|Dates & Locations:|| |
This subject has the following teaching availabilities in 2008:Semester 1, - Taught on campus.
Semester 2, - Taught on campus.
Timetable can be viewed here. For information about these dates, click here.
|Time Commitment:||Contact Hours: A 1-hour lecture and two hours of tutorials/workshops per week |
Total Time Commitment: Not available
|Recommended Background Knowledge:||None|
|Non Allowed Subjects:||None|
|Core Participation Requirements:||
For the purposes of considering request for Reasonable Adjustments under the Disability Standards for Education (Cwth 2005), and Student Support and Engagement Policy, academic requirements for this subject are articulated in the Subject Overview, Learning Outcomes, Assessment and Generic Skills sections of this entry.
It is University policy to take all reasonable steps to minimise the impact of disability upon academic study, and reasonable adjustments will be made to enhance a student's participation in the University's programs. Students who feel their disability may impact on meeting the requirements of this subject are encouraged to discuss this matter with a Faculty Student Adviser and Student Equity and Disability Support: http://services.unimelb.edu.au/disability
|Subject Overview:|| |
This subject aims to enhance students' writing in general by introducing them to the fundamental skills used by professional writers within the Media and Communications industries. Through a workshop format, students will work on their own news stories in order to enhance their mastery of written communication. Students will be made familiar with strategies for planning, editing and revising their work, as well as that of others. Students will also become familiar with various styles and contexts of media writing and develop an understanding of the various writing skills required to communicate effectively to mass audiences. In addition, through the lecture format, students will learn how to view media prose critically by way of theoretical considerations such as rhetoric, the relationship between print media and democracy and between journalism and public relations, editorial constraints, and audience analysis. Professional Writing is theoretically complementary to and also functions as preparation for those students wishing to take in second year.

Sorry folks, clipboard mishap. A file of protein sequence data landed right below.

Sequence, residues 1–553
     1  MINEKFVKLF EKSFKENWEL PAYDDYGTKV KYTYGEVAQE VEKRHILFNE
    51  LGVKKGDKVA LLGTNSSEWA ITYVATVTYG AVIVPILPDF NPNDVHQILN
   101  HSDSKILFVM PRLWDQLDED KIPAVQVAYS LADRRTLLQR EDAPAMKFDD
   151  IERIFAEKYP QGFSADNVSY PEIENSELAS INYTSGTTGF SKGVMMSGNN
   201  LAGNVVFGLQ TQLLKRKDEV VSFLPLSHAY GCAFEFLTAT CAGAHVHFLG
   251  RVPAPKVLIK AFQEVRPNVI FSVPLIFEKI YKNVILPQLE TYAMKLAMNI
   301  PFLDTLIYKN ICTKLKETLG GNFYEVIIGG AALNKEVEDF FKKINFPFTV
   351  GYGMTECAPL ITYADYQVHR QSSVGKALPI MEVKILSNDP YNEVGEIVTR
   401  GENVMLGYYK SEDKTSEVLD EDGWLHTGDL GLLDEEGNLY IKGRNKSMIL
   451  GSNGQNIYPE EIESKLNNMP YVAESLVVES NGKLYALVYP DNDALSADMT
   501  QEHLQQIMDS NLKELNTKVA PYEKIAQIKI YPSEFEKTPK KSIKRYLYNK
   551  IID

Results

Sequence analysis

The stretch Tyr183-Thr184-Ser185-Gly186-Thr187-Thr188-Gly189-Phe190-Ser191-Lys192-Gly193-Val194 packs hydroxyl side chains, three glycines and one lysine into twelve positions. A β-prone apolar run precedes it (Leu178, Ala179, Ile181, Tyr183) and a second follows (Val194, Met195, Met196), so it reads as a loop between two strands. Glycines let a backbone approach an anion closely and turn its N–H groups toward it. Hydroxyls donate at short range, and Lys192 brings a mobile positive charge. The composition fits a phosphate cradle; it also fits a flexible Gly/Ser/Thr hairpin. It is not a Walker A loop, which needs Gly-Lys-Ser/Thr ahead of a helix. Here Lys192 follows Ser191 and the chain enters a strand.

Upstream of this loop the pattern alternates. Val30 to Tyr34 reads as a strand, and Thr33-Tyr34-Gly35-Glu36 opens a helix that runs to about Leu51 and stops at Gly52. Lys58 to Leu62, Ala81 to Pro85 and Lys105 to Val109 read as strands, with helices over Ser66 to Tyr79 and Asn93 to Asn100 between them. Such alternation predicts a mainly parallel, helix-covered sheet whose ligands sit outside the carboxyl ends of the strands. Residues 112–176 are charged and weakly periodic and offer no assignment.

|Assessment:||Assessment equivalent to 4000 words written work comprising a 350 word magazine article 10% (first draft due week 3); a 1000 word narrative media araticle 15% (first draft due week 4); a 750 word travel article 15% (due at the end of the semester); a one-page media release plus a one page pitch for a new media promotion idea equivalent to 225 words 10% (due at the end of the semester); a 750 word opinion article 15% (first draft due in week 8); a 700 word book review 15% (due at the end of the semester); a class presentation project done in small groups equivalent to 225 words 10% (done throughout the semester); participation in tutorial workshops and online reading forums 10% (assessed continuously). Students must attend at least 80% of tutorials to be eligible for assessment.Note: Assessment submitted late without an approved formal extension will be penalised at 2% per day. Students who fail to submit up to 2-weeks after the final due date without a formal extension and/or special consideration will receive a fail grade for the piece of assessment.|
|Prescribed Texts:||Prescribed Texts:A subject reader will be available from the University BookshopPower Prose (C Lee), Hardie Grant Melbourne 2004|
|Breadth Options:|| |
This subject is not available as a breadth subject.
|Fees Information:||Subject EFTSL, Level, Discipline & Census Date|
|Generic Skills:|| |
This subject is only available to students enrolled in the BA (Media and Communications), BA (Media and Communications)/Bachelor of Commerce, and BA (Media and Communications)/Bachelor of Laws.
Bachelor of Arts(Media and Communication) & Bachelor of Commerce |
Bachelor of Arts(Media and Communications)
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